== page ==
If after we have exerted our utmost efforts, we still find our frail flesh and blood complaining at the prospect of approaching dissolution; if the heart still repines at the hard necessity imposed upon us of dying; let us strive to recover confidence, not only against this apprehension, but likewise against the doubts which it might excite against our salvation. This fear of death is, in such a case, not a crime, but an infirmity. It is indeed a melancholy proof that we are not yet perfect, but it is not a blot which obliterates our Christianity. It is an expression of timidity, not of mistrust. It is a calamity which prevents our enjoying all the sweets of a triumphant death, but not an obstacle to prevent our dying in safety. Let us be of good courage. What have we to fear? God is an affectionate friend, who will not desert us in the hour of adversity. God is not a cruel being, who takes pleasure in rendering us miserable. He is a God whose leading characters are goodness and mercy. He stands engaged to render us happy. Let us not distrust his promise; it has been ratified by the most august zeal which suspicion itself could exact, by the blood of the spotless Lamb, which is sprinkled, not on the threshold of our doors, but on our inmost conscience. The exterminating angel will respect that blood, will presume to aim no stroke at the soul which bears the mark of it.

After all, my dearly beloved brethren, if the most advanced Christians, at the first glimpse of death, and in the first moments of a mortal distemper, are unable to screen themselves from the fear of death; if the flesh murmurs, if nature complains, if faith itself seems to stagger; reason, religion, but especially the aid of God's spirit, granted to the prayers, to the importunities ascending to heaven from the lips of such a Christian, dissipate all those terrors. The mighty God suffers himself to be overcome, when assailed by supplication and tears. God resists not the sighs of a be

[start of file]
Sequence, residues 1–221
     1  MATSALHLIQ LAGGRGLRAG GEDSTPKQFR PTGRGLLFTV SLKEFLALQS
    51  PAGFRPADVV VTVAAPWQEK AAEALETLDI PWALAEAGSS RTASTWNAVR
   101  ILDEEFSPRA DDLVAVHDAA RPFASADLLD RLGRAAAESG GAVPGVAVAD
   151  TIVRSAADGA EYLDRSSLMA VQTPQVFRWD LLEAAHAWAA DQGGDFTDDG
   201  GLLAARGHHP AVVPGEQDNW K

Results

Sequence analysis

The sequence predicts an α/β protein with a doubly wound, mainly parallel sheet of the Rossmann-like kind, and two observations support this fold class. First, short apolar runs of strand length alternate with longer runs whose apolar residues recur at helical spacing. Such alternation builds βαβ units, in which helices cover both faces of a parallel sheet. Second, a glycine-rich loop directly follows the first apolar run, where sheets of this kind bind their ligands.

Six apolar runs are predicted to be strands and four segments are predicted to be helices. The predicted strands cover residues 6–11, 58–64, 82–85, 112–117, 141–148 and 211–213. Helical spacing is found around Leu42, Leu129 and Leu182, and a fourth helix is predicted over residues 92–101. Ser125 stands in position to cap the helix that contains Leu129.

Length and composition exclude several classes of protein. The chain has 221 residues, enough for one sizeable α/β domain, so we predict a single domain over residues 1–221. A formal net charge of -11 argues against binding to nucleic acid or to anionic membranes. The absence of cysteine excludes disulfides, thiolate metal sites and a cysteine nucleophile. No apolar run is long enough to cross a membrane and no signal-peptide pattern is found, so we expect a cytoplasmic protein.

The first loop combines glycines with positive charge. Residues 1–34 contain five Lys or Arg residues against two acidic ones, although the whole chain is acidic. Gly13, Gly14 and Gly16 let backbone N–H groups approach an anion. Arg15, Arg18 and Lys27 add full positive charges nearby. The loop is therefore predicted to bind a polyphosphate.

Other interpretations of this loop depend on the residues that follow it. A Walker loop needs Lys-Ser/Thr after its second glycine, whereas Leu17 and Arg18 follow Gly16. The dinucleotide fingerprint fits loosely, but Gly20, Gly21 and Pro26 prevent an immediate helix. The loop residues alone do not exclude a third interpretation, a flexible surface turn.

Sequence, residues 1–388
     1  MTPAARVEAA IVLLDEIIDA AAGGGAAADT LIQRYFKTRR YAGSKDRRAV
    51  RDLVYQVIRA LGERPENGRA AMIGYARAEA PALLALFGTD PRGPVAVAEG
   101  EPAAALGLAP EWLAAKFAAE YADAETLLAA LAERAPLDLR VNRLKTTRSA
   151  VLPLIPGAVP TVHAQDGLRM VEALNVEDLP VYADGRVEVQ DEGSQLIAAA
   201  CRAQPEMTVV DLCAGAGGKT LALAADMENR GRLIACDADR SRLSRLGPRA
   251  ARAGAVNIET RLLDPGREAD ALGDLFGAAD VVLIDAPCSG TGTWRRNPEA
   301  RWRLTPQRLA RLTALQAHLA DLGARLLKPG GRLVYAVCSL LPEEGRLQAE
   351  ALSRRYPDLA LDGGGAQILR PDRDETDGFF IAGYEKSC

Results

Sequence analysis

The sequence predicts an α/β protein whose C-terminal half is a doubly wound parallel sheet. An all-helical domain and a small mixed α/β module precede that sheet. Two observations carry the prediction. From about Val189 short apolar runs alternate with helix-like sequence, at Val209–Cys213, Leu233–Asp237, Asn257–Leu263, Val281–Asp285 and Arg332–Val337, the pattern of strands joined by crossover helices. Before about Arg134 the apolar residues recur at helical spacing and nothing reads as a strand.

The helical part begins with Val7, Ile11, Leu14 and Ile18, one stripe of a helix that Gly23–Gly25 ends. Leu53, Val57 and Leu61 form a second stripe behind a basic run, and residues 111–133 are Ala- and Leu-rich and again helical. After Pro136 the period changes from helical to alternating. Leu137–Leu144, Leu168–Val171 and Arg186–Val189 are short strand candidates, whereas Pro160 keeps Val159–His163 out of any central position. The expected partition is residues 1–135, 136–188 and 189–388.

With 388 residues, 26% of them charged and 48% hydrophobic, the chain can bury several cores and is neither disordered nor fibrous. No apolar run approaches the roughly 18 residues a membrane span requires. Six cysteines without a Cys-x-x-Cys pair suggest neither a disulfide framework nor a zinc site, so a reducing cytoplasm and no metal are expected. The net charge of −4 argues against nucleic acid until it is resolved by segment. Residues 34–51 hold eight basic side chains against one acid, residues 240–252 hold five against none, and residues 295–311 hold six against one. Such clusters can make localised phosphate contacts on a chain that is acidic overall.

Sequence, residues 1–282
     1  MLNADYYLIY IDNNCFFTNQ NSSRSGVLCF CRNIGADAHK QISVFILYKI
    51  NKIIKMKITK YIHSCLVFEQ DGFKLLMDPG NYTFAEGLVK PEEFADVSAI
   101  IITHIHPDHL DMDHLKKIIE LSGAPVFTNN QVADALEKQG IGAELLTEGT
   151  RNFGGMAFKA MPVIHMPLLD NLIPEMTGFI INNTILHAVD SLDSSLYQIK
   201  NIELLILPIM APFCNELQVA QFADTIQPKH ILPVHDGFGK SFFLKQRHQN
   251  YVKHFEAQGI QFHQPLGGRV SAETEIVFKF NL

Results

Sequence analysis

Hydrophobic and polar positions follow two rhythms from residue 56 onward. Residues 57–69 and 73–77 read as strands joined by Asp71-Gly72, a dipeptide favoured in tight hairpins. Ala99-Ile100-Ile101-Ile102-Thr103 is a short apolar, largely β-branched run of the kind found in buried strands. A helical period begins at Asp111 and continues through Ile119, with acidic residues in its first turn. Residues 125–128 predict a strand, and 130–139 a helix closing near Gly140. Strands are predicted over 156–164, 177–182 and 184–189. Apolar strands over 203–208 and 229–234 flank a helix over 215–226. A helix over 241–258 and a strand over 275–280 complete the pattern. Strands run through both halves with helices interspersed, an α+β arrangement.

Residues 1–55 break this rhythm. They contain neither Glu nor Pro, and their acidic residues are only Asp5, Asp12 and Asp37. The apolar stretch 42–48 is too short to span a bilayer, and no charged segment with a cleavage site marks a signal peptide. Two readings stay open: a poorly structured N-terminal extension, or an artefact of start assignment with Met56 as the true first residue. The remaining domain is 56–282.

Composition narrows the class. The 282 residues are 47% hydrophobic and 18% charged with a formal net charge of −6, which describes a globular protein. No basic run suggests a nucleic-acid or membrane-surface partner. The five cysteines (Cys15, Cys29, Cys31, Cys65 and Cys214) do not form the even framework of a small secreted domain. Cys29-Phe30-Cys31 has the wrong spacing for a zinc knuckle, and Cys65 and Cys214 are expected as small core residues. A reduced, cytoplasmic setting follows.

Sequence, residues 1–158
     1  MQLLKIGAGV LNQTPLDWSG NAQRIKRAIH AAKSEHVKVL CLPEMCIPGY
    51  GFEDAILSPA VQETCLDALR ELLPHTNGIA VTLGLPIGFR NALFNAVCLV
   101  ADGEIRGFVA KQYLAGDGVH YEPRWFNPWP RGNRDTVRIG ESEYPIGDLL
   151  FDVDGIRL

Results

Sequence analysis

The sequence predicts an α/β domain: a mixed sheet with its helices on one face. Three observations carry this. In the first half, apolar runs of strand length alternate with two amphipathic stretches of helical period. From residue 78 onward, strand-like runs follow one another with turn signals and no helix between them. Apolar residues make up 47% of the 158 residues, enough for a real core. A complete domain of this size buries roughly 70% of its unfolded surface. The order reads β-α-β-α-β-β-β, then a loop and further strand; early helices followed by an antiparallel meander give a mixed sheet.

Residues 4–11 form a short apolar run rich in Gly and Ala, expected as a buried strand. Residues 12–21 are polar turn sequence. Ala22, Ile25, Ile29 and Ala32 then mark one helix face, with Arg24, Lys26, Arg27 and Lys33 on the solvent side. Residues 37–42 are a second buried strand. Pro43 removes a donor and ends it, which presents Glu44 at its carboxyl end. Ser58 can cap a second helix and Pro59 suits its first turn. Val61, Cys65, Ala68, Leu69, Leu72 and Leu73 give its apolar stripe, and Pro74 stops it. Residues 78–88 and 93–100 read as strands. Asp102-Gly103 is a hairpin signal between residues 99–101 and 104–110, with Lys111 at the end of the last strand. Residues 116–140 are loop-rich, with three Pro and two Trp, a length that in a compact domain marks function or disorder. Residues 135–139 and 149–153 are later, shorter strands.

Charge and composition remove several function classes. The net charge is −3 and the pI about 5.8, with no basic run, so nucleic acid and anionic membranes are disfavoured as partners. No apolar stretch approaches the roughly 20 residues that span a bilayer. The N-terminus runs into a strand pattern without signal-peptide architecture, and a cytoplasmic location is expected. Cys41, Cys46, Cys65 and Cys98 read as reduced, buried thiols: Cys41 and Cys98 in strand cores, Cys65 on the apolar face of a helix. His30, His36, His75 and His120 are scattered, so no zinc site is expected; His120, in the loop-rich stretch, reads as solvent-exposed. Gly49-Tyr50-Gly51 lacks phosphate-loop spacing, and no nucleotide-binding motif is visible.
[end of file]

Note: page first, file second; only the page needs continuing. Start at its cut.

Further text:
liever, who from his bed of languishing stretches | out his arms towards him, who entreats him to sanctify the sufferings which he endures, who implores his support in the agonies of death, who cries out from the centre of a soul transported with holy confidence, "Into thine hand I commit my spirit: thou hast redeemed me, O Lord God of truth," Ps. xxxi. 5. Receive it, O my God. Remove from me those phantoms which disturb my repose. Raise me up, take me to thyself. "Teach my hands to war, and my fingers to fight. Draw me, I shall run after thee." Kindle my devotion; and let my inflamed desires serve as a chariot of fire to transport me to heaven. The clouds, thickened around me by "Him who had the power of death," are scattering; the veil which covered eternity insensibly withdraws; the understanding is convinced; the heart melts; the flame of love burns bright; the return of holy meditations, which formerly occupied the soul, disclose the grand object of religion, and the

bed of death is transformed into a field of victory. Many of your pastors, Christians, have been the joyful spectators of such a triumph.

May all who hear me this day be partakers of these divine consolations! May that invaluable sacrifice which Jesus Christ offered up to his father in our behalf, by cleansing us from all our guilt, deliver us from all our fears! May this great High Priest of the new covenant bear engraven on his breast all these mystical Israelites, now that he is entered into the holiest of all! And when these foundations of sand, on which this clay tabernacle rests, shall crumble away from under our feet, may we all be enabled to raise our departing spirits out of the ruins of the world, that they may repose in the mansions of immortality! Happy, beyond expression, beyond conception happy, to die in such sentiments as these! God of his infinite mercy grant it may be our blessed attainment! To him be honour and glory for ever. Amen,